I am told that the problem with the rear attach bushing was a little bigger problem than what EAC has let on. Apparently the rear attach mount for the wing is part of the rear bulkhead, which of course is friction stir welded to the entire fuselage section, including the aft of the pressure vessel. The problem was not the sighting of the hole that caused the problem, it was the dimension of the rear attach mount that was wrong, and the bushing which is a tight tolerance fit did not fit properly. The correction to this would have been the installation of a new bulkhead, but this could not be achieved because this is a integral part of the airframe that is friction stir fried in place, it would have been easier to scrap the airframe than change this out. EAC then came up with another fix to get a bushing to fit the oversize attach point, it is for this reason that there is a requirement for a daily inspection of this 'fix'. So again this company tries to hoodwink the world that they are transparent and are doing everything that way they should but they are duping the public and their shareholders by not being forthright with them. Remember the story when this bushing problem became evident to EAC, they lied to the public by announcing that EAC would not attend the AOPA in PSP because they were concentrating on getting the certification on the plane which was imminent, and this was the reason that they were not going to be at AOPA.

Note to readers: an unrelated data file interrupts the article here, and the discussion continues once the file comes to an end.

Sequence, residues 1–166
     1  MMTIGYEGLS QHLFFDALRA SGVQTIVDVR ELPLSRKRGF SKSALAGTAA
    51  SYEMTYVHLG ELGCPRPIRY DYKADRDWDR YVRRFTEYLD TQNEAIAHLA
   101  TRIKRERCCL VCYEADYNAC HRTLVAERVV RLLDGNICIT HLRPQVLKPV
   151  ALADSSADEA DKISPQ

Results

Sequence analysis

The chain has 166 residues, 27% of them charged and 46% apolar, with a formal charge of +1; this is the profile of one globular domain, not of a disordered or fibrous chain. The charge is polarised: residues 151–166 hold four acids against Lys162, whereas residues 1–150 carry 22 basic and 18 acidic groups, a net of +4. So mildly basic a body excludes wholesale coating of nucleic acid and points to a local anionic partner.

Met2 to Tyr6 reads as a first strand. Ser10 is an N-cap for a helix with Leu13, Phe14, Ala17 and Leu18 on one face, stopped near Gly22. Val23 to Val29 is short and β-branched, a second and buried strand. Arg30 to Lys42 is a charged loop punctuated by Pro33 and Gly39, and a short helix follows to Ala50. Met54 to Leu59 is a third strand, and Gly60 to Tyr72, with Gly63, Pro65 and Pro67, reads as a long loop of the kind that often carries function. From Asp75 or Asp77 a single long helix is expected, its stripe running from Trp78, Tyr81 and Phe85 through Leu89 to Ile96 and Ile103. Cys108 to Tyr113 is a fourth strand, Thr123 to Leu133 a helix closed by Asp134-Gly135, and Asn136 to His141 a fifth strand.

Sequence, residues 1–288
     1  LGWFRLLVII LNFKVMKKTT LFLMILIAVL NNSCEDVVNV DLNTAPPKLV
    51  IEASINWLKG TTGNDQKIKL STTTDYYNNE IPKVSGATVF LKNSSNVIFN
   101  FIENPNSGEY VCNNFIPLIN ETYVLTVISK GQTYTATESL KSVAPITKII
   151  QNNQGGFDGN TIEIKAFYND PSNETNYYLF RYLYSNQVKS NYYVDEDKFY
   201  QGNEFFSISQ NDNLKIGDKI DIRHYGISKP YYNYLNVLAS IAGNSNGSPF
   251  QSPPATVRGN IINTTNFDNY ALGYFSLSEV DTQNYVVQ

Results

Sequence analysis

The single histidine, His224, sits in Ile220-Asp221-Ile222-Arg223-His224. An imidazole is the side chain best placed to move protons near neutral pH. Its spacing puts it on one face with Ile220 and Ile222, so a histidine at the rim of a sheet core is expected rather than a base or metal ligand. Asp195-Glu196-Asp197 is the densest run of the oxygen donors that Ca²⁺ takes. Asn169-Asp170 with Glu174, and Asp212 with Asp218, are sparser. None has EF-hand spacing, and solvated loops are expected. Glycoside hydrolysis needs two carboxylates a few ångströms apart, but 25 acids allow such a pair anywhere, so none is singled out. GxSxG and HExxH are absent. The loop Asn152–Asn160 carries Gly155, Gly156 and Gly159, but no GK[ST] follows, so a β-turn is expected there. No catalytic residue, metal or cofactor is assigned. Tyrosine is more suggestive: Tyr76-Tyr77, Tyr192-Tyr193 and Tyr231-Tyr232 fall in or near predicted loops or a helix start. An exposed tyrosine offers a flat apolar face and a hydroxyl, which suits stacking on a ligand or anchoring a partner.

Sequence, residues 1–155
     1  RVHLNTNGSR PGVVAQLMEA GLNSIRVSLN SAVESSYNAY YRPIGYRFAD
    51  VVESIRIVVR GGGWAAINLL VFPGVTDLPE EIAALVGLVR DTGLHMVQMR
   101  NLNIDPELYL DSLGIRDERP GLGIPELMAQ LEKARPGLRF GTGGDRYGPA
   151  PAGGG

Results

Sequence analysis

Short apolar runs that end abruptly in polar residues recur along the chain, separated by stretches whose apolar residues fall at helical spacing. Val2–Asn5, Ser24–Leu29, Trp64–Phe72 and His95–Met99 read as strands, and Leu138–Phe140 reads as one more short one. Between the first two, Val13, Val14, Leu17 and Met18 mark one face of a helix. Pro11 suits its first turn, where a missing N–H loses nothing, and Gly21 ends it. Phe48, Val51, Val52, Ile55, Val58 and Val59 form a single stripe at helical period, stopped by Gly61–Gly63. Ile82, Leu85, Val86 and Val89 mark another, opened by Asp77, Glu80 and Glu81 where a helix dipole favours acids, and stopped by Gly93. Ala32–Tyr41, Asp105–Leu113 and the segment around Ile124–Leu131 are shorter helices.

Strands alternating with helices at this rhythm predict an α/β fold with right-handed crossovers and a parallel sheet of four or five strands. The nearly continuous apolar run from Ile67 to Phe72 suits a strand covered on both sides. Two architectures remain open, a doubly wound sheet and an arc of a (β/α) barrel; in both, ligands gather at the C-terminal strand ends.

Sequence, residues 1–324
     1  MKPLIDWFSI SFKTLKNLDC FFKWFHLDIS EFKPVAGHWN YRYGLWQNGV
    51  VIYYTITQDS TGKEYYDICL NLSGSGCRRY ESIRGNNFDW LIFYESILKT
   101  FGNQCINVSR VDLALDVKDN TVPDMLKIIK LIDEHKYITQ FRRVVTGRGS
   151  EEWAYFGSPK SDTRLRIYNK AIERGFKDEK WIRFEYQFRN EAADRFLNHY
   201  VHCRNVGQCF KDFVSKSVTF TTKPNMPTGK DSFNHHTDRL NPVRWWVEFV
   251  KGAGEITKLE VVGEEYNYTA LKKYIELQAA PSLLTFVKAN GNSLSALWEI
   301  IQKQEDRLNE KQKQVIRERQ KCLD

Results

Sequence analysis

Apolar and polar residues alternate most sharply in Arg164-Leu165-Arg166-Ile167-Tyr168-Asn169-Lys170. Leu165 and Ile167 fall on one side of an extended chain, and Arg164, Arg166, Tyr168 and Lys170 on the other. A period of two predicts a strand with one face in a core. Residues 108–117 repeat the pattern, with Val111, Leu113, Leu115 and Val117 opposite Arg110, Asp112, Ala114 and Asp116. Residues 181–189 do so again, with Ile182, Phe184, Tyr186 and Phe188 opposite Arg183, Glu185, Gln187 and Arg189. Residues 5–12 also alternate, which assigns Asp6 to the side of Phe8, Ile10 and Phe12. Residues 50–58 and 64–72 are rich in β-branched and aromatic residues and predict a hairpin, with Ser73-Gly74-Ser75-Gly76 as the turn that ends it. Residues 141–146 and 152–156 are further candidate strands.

KKA was the one that taunted Adam Aircraft on transparency, this has all been lost, position holders are looking to this blog for information because EAC is not forthcoming with the information on the website they created. The promises about information exchange by KKA, even the announcement of the creation of a position to facilitate this has not lead to any improvement in the information flow.